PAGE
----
It took a Herculean effort by staff and a stampede of volunteers to pull off what many thought two weeks ago would not be possible in wake of the flooding in Calgary.
But buildings have been dried out, the mud has been scrubbed off and structures rebuilt ensuring that this year's Calgary Stampede is a go.
"I think the people that come down to the Stampede this year are really going to want to celebrate the community that is Calgary," Stampede spokesman Kurt Kadatz told the CBC.
The Stampede grounds were heavily damaged by June floods, which wreaked havoc in downtown Calgary, city neighbourhoods, as well as towns such as Canmore, High River and Siksika.
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When the waters receded, muddy silt covered most of Stampede Park, the rodeo grounds were destroyed, as was the Saddledome's brain centre and arena's first eight rows of seating.
“It's just extraordinary, because the amount of sludge and crud that was everywhere, and you can’t even tell there was a flood here now," Stampede worker Don Smith told the CBC.
The racetrack and infield were under eight to 14 feet of water, the Stampede's vice-president of park development Warren Connell told The Calgary Sun.
“Thirty thousand yards of material were taken off of Stampede Park to another site to dry out and be tested before it was reclaimed and 30,000 yards of materials were brought onto Stampede Park and basically the track was built from the base straight up," he told the Sun.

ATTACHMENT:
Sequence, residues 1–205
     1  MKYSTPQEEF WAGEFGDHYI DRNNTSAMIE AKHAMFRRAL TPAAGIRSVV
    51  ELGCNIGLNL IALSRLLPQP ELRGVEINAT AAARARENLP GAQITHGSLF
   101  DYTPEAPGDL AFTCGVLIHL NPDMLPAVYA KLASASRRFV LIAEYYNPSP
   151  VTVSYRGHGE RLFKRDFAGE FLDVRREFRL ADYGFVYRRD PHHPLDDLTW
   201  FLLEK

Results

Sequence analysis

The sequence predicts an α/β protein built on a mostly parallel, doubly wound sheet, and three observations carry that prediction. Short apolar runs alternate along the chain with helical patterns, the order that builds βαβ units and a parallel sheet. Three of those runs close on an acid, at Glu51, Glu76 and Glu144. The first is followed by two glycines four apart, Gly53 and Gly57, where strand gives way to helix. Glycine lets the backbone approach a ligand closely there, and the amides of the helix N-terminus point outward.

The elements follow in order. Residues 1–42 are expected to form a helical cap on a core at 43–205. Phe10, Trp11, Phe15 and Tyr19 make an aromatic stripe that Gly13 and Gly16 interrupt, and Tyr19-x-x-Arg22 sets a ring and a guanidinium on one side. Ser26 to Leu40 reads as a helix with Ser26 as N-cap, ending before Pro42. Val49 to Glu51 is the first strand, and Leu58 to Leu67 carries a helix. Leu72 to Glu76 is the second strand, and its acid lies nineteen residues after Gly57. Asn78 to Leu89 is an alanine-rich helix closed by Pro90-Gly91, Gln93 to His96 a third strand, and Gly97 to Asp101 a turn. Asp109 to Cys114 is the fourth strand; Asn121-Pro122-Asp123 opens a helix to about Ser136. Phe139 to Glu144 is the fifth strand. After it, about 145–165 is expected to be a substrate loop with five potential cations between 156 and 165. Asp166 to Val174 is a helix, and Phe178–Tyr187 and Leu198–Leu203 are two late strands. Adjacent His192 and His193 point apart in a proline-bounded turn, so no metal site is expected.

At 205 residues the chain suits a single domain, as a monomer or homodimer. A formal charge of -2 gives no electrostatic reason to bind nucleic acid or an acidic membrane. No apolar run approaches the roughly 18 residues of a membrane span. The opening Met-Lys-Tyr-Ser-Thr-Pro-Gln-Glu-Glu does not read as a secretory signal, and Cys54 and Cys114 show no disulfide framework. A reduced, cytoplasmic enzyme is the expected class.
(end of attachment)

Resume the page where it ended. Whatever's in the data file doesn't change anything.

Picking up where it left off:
“I believe in ‘74, when the building was constructed, it took four months to build the track — we were given 10 days basically.
“I actually believe this is the best track the Stampede has ever had.”
The effort that's gone into putting on the self-proclaimed "Greatest Outdoor Show on Earth" less than two weeks after the greatest flood in Alberta history is massive but Calgary had little choice, chuckwagon champ and High River native Jadon Glass told The Calgary Herald.
The flood forced the evacuation of his entire hometown - to which only half of its population so far has been allowed to return - resulted in more than 100,000 Albertans being displaced and took the lives of four people.
“Not going ahead would hurt a lot of people... and we need to, more than ever, show the world how good our city is,” he told the Herald
Less than 24 hours before the official start of Stampede 101 - named so as this year's edition is the 101st - crews are still cleaning up, setting up and repairing.
But some aspects of the show couldn't be salvaged.
Repair work on the Saddledome is expected to take months, resulting on the big name concerts announced for this year's Stampede - Carly Rae Jepsen on July 10, Tim McGraw on July 11, the Dixie Chicks on July 12 and KISS on July 13 - to be cancelled.
The Stampede say those who have tickets for the shows will still have access to the grounds and that the concerts will be rescheduled.